Tuesday, October 6, 2009

A review of the Discovery Channel's new paranormal investigation-themed show GHOST LAB

I like all the paranormal investigation shows. I like this one, too. I haven't seen any that I judge to be so poorly done that I can't enjoy it at least somewhat. While I (so far) still prefer the original Ghost Hunters, this one is at least as engaging as GHI and appeals to me more than Most Haunted (which disappointed me for not detecting Derek Acorah as a fraud before putting him on the show in the first place).

The Klinge brothers have set themselves apart from the other shows and investigative bodies by having a particular "theory" that they wish to advance, which they call their "Era Cues" theory. It is good that they did that, and it is a reminder of the scientific mission that these men are on, which is emphasized by the show's title and the name of their group: Ghost "LAB".
But to me, they do not seem quite at home with the vocabulary of science. I could be getting the wrong impression of course, but I am the viewer, and they are the ones making the show. If I get the wrong impression, is that entirely my fault?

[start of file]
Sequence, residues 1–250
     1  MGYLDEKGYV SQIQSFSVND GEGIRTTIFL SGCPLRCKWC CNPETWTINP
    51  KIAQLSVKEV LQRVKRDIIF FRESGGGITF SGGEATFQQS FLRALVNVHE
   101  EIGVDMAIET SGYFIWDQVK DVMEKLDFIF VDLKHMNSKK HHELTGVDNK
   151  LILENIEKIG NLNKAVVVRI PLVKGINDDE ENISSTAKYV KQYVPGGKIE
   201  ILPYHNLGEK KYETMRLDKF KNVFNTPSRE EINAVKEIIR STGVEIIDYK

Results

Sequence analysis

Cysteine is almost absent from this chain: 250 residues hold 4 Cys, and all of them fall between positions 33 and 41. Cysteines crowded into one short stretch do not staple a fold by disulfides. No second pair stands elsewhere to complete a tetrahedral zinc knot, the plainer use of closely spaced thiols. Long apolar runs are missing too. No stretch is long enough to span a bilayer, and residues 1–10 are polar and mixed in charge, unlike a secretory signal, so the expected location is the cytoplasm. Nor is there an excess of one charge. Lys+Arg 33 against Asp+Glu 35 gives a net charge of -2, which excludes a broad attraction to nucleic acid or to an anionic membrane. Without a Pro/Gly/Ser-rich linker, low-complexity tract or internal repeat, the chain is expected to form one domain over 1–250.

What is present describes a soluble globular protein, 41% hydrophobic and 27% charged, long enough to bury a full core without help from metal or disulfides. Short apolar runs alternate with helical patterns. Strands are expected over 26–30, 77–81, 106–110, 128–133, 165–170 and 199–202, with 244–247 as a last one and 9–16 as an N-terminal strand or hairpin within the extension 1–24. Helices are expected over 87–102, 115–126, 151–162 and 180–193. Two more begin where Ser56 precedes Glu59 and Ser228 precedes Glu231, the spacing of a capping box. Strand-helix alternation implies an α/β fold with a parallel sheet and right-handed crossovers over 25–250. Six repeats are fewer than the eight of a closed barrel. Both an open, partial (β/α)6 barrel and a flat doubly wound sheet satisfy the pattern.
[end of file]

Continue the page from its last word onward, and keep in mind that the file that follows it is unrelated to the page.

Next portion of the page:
Their use of the term "theory" for their proposed "Era Cues"methodology is a case in point. Until their idea is rigorously and repeatedly tested under conditions that could disconfirm it, what they technically have is more like a hypothesis. Moreover, the term "theory" tends to be used to designate an explanation of some thing or event that places it in a broader conceptual relation to the natural world. It is supposed to present us with a testable vision how this phenomenon might fit in with our "Big Picture" of how the world works. It does not seem to me that the "Era Cues" notion does this. If it does, the first episode fails to make it clear. In fact, in this premiere episode they did something worse than merely ignoring and neglecting this point -- they vaguely and inexplicably relate "era cues" to a notion of "parallel universes" that they attribute to "quantum physics" without giving us any idea how these ideas are related.

How would the evidence of paranormal activity instigated by the use of "era cues" lend any support whatsoever to Hugh Everett's Relative State Formulation of Quantum Mechanics, known more popularly as the Many Worlds Interpretation of Quantum Physics or the Everett-Wheeler-Graham Model of wave collapse? Is the idea here that ghosts are not spirits of dead people, but actually living denizens of "parallel worlds" where "eras" that are part of our past are still present? If that is the case, why is this show called "Ghost Lab"? Shouldn't it be "Advanced Quantum Physics Lab"?